“Emotions can get in the way or get you on the way.” – Mavis Mashura.
Any emotion can significantly affect the way we make decisions. While it is always important not to allow your emotions to get in the way of decision-making, you can also make use of your emotions and even extract benefits from them. And as an emotionally intelligent person, you should be able to do that.
Possessing emotional intelligence should also enable you to read and correctly understand other people’s feelings and emotions. You will also be able to fathom what they are trying to imply – it is true that many people try to avoid explicit statements when negotiating.
“I remind myself every morning: nothing I say this day will teach me anything. So, if I am going to learn, I must do it by listening.” – Larry King, CNN
The process of negotiating always inevitably entails communication and communication, in its turn, always requires excellent listening skills. And despite that obvious fact many people and negotiators are still bad, bad listeners. Instead of trying to hear what others are saying, they are worrying about whether they have been understood by their interlocutors. And when their interlocutor speaks, they just impatiently wait for him or her to finish their sentence without making any effort to listen to them.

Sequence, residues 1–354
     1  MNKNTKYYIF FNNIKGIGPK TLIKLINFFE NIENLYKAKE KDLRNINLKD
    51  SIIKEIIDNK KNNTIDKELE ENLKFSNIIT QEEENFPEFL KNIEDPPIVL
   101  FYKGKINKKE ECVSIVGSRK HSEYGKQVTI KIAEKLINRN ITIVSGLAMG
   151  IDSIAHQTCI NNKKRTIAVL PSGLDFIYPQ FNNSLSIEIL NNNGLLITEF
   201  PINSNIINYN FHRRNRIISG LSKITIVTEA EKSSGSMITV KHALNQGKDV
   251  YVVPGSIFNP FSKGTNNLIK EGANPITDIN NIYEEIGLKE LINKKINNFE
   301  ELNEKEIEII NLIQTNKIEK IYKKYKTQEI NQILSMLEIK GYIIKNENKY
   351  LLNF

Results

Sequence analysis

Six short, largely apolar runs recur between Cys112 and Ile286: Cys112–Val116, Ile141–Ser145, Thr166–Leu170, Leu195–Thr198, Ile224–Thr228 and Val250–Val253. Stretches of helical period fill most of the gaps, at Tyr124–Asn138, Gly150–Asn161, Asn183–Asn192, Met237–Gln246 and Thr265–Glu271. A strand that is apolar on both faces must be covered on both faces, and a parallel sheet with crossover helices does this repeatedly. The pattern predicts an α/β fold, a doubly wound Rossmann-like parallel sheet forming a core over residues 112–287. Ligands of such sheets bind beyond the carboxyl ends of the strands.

Whenever you must negotiate, do it by actively listening to what your interlocutor is saying. Believe me, they will take notice that you are trying to hear what they say. Your efforts to understand them will make them feel validated and will make them view you as an ally rather than a competitor. This can have a positive effect on the results of your negotiations. Hence, listening will always pay off.